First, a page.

I loved the new setting that gave a fun twist to the genre. We start in classic Regency London with balls and proposals and the ton. But we quickly change to a unique setting on a ship bound for India with several eligible young women hoping to find husbands. I was fascinated by that whole story line. I haven’t read much about India at this time but to hear about these women and their journey was fascinating. The length of the journey, the hope for a future, the sad reasons why they hadn’t found a match in England. It was really compelling. To compare how the British people treat the native Indians versus how the British aristocracy treats each other was quite striking. I loved the descriptions of Mumbai– vibrant colors, unique wares for sale, people and languages of all sorts. It sounded so unique and so exciting. Julie does a great job contrasting her settings and giving both places life and depth.

Caroline Gray is a fantastic protagonist. She is also unique. She stands up for herself and usually isn’t afraid to say what she thinks. Yes, the way she talks politics, science, and current events is surprising and certainly not the norm of the time. But I found her knowledge and confidence refreshing. She seeks to learn from those around her and isn’t above hard work. I want to be her friend. Throughout the novel, she goes through a compelling transformation as she seeks to fit in, hide her true character, and finally embrace her flaws and her strengths. Her journey to finding peace with herself is beautiful.

Captain Thomas Scott is an equally compelling character. He loves the sea and is working hard to prepare for a comfortable future. There are so many things he and Caroline agree on. Yet Caroline turns his world upside down and changes everything he thought he knew about the women who he shuttles to India. I loved how he has to change as well. He thinks he knows a lot about forgiveness and truth. But he comes to understand that he can make mistakes and needs to fight for what he loves. While I will say he frustrated me quite a bit in the second half of the novel, ultimately I loved his character.

Their romance is beautiful and full of tension and passion. Certainly we assume that Caroline and Thomas will find a way to be together. But the twists and turns that get us to that reconciliation and happily ever after are many! We spend the first half of the book aching to see them admit their feelings for each other. Their first kiss is gorgeous and that scene is so lovely and satisfying. I loved the build up to that moment when they both realize the other person cares for them. I got so frustrated with Thomas when he judges Caroline unfairly again and again. Let her defend herself! But in the end, I loved that he drops everything to find her. And I loved that Caroline is brave enough to move into the unknown because she hopes for a future with him. She doesn’t settle for an unhappy marriage with someone else just because she should. Her mind and her strength allow her to choose to pursue happiness. A beautiful romance that had me on the edge of my seat.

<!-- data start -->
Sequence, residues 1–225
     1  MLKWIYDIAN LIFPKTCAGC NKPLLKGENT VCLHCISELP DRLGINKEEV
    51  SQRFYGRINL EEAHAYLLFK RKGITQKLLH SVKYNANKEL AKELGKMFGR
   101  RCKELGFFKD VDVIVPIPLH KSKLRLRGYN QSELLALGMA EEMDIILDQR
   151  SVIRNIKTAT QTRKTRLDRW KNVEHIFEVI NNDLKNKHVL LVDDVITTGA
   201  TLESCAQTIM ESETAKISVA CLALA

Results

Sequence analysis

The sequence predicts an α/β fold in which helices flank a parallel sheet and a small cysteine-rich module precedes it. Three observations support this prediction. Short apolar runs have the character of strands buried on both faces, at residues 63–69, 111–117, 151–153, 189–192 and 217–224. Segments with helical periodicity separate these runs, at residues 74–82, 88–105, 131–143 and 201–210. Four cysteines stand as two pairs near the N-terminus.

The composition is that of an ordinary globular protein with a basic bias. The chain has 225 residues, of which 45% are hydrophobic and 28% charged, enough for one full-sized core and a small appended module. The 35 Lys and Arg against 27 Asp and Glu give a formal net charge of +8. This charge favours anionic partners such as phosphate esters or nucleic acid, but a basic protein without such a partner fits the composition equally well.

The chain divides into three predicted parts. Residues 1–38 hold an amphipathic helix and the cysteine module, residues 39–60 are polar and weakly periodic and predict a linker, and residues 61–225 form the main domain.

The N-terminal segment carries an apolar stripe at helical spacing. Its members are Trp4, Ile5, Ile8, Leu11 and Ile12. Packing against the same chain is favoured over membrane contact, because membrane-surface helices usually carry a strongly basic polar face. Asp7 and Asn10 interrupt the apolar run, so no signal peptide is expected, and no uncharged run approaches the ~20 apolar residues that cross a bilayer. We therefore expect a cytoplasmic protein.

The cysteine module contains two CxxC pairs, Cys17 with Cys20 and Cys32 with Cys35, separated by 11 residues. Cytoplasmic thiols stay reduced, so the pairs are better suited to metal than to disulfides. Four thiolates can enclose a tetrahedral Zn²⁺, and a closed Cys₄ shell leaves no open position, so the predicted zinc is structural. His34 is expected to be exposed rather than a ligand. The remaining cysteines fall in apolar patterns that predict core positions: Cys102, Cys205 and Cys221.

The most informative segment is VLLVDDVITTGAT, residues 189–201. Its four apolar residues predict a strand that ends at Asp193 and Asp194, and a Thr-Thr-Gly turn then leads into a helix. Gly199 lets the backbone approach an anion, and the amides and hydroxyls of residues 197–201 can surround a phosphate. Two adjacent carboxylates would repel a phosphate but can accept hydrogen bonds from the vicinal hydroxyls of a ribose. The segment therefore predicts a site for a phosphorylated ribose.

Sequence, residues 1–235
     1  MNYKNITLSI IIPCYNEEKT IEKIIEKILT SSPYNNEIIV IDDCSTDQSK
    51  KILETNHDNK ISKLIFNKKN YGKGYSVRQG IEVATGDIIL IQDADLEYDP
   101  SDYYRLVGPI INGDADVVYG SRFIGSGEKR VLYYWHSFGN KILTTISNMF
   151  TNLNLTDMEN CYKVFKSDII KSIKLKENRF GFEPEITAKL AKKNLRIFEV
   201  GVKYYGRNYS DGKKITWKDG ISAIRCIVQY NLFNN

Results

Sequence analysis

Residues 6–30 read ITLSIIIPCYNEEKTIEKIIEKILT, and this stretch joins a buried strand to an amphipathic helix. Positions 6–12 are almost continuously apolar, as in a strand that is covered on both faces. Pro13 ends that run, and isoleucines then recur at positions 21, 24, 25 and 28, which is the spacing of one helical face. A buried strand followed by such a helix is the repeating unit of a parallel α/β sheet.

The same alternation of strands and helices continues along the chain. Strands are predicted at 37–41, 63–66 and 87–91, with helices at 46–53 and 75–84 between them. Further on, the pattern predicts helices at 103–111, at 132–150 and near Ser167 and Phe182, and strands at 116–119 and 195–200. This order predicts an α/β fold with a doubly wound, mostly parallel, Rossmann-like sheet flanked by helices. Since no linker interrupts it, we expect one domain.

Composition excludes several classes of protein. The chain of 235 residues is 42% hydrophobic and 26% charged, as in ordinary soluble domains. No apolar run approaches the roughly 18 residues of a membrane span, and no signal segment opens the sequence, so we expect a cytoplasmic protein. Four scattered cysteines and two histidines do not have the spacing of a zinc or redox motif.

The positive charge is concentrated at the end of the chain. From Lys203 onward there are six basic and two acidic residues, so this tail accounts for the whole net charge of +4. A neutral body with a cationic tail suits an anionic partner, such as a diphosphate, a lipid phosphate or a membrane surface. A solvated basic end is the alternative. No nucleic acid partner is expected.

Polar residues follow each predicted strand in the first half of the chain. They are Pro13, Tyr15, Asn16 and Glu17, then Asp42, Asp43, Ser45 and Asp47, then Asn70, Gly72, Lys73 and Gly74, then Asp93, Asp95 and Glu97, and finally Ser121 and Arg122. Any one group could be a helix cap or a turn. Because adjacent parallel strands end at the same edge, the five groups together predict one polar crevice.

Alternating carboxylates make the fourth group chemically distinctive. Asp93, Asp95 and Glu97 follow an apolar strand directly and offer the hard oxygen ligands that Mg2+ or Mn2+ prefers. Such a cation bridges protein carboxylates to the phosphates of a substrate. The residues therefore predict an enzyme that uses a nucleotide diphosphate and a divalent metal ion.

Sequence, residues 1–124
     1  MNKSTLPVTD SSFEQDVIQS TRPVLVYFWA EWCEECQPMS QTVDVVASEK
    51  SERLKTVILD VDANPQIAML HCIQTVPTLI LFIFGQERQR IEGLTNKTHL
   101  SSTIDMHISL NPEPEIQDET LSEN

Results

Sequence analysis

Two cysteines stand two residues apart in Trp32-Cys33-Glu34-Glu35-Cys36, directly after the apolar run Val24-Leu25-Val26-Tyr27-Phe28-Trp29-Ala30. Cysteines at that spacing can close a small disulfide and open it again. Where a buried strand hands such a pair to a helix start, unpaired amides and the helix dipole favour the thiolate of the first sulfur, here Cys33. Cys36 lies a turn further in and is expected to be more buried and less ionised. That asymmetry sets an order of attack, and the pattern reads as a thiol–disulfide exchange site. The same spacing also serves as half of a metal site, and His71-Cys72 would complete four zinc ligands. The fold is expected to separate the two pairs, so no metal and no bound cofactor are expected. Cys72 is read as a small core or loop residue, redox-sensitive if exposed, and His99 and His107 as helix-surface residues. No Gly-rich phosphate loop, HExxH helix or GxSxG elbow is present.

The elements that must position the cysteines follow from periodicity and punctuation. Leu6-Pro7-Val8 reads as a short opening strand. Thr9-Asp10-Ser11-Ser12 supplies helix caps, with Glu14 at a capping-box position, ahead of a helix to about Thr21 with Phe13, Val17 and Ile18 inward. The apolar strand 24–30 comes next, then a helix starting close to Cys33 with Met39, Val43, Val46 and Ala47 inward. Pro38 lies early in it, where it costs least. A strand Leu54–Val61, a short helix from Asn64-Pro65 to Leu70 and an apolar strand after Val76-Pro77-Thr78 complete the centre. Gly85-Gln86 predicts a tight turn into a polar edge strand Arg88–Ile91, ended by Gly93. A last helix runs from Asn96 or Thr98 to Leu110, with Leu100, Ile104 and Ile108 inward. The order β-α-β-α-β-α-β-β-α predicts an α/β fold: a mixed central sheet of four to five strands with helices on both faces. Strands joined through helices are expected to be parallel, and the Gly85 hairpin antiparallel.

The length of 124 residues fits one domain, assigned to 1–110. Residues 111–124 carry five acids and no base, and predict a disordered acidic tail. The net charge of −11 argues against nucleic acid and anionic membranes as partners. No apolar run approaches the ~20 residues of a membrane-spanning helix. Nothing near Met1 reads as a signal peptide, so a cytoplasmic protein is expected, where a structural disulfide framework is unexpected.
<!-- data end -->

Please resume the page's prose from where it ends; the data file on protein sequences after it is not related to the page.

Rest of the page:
I absolutely loved this book! The characters are beautifully developed, the romance has the right amount of tension and love, and the ending is perfectly satisfying. I would have liked an epilogue to see what happens in the future. But I found myself smiling as I closed the book. One of my recent favorite historical romances!

What are the most unique historical settings you’ve read?
What time periods would you like to know more about?

Julie Wright wrote her first book when she was fifteen and has written over twenty novels since then. She is a Whitney Awards winner for best romance with her books Cross My Heart and Lies Jane Austen Told Me, and she is a Crown Heart recipient for the novel The Fortune Café.

She has one husband, three kids, one dog, and a varying amount of fish, frogs, and salamanders (depending on attrition). She loves writing, reading, hiking, playing with her kids, and watching her husband make dinner.